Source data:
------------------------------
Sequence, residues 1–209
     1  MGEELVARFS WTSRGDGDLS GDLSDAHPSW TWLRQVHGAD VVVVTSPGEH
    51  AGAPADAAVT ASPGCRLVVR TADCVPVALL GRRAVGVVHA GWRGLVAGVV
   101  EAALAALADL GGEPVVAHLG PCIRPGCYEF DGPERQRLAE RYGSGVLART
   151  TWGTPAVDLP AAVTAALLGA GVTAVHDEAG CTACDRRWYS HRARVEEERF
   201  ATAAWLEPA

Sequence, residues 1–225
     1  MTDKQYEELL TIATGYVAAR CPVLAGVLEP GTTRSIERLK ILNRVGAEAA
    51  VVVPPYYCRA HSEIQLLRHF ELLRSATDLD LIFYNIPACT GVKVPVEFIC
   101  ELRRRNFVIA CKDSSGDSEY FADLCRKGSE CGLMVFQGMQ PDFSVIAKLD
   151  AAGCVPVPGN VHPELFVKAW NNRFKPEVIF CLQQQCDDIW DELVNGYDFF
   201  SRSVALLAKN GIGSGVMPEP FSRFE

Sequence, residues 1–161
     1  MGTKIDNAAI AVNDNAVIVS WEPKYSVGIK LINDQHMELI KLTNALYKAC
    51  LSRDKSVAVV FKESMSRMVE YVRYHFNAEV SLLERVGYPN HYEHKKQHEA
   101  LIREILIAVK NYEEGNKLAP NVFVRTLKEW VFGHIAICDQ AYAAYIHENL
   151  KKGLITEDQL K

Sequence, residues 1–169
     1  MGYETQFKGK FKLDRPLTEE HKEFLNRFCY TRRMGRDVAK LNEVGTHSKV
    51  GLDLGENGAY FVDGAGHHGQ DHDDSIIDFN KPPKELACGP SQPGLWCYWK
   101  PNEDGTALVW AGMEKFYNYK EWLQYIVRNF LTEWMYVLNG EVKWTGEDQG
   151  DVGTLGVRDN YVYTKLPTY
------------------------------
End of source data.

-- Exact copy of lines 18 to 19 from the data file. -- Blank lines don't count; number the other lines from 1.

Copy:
Sequence, residues 1–169
     1  MGYETQFKGK FKLDRPLTEE HKEFLNRFCY TRRMGRDVAK LNEVGTHSKV